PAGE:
You don’t supply present oar length, inboard, or the spread on the pins.

    • RY says:

      Is there a way of getting that paper you mentioned? would be interesting to see how much more effective the deeper blade is and whether it is something i would introduce.

  4. Denis Rabij says:

    The answers of the more learned fellow rowers before me, already provide plenty fuel for thought, and are pretty sound. I would add, that whatever you do, “do one thing at the time” so that you can go on an outing and try compare the sculler’s own feelings with your observations. If something actually happens for the best of worse, then you arealdy know the one thing that has to stay or has to be reversed. One thing I learned in my coaching career, is that the guy/girl in the water wants you (the one on the motor-boat, bycicle, hindemburg or with the tool box) to get things done in terms of gear-rigging. So, it is always nice to do things without telling the rower-sculler “exactly” what you have done. The drill is, you tell the rower quite casually “I have fixed a thing or two in your boat” and then tell him to go rowing and try give you feedback on what he actually felt. Now, there is one derivation from that school of thought, which is … working out what exists only in the rower’s imagination. It is AMAZING how in some instances I have done that with PLACEBO (i.e., in fact I did not modify a thing on the whole rig, but went on to tell the rower that I did some fiddling) and even so the rowers would come back telling how they felt “better” about various things and in many cases, came out with better performances. Don’t show this note to your sculler! One final note. Whatever lenght your sculls are, make sure you keep the aspect ratio. This is simple, you just pick overall (say, 291cm) divide that by inboard (say you are using 88cm) it will give you 3,3068181818 which is what you want to retain throughout your re-sizing. Then say you have reduced the overall length to 288. The new inboard measure will be, 87,1cm (aprox to the third decimal) which will in turn give you the same aspect ratio as before, or the same “leverage proportion” if you will. I know this sounds pretty basic, but I have seen many people “forget” that basic step, so it sits here as a reminder. Also, if you would just retain the old 88cm, then you would be changing both “lenght” and “inboard” ! My personal preference is for big blades, which in theory would return higher stroke rates, since they require smaller overall lenghts. For my own boat I use Croker S4 with slicks blades (those without a “spine”), which I believe, is the choice of younger fellers like Mahe Drysdale. Please let us all know of your progress.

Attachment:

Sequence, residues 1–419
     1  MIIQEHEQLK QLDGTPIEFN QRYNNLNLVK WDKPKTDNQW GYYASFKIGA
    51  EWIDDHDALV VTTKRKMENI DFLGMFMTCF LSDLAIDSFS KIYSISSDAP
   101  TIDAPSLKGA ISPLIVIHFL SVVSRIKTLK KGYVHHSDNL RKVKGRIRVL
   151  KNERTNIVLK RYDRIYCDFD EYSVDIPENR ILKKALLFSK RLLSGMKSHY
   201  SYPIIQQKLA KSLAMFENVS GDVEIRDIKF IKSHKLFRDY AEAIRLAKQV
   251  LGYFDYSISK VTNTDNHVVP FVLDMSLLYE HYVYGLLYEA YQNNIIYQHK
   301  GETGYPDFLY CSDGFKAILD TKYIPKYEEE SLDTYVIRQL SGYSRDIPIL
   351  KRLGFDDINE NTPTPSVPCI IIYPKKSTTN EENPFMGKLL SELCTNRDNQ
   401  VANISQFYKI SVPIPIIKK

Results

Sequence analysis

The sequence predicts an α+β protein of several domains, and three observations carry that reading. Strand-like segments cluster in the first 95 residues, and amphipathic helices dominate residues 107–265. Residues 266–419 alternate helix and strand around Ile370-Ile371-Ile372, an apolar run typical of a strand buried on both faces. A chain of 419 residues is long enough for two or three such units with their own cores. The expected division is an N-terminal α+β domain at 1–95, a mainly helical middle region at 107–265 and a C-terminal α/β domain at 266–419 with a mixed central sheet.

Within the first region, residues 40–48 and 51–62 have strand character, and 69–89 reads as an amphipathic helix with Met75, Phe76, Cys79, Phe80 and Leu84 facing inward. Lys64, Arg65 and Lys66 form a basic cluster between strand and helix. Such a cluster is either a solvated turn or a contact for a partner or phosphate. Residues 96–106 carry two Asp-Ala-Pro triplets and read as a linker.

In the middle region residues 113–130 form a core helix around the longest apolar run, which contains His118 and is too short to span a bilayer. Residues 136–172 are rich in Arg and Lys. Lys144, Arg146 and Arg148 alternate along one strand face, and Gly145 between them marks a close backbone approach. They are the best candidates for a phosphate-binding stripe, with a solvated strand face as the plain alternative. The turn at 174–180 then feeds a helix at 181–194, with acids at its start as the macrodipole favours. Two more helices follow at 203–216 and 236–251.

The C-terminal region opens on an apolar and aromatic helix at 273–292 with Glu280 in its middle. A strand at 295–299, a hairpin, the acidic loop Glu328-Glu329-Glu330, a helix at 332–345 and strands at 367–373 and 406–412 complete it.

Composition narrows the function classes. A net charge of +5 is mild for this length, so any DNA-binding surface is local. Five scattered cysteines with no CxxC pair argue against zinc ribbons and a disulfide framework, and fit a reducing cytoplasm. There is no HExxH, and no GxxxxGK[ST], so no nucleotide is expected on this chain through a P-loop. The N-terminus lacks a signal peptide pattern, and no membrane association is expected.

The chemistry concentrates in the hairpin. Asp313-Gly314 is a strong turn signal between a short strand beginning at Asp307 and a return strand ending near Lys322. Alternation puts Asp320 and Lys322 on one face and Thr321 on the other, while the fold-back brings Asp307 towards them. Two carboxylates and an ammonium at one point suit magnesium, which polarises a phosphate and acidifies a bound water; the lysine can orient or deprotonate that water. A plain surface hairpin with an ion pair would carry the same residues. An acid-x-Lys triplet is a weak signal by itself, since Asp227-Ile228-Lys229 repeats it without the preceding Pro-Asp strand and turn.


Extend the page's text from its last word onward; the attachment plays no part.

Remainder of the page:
5. Carl Douglas says:

    I’m sure others will have their own take on this, so let’s all chip in & see what comes out. Here’s my 2-pennorth:
    I see 2 underlying misapprehensions –
    1. that blade-slip is a form of gearing
    2. that you can spend too long in the water – with the equally false corollary that you raise rating by “getting the blade through faster”.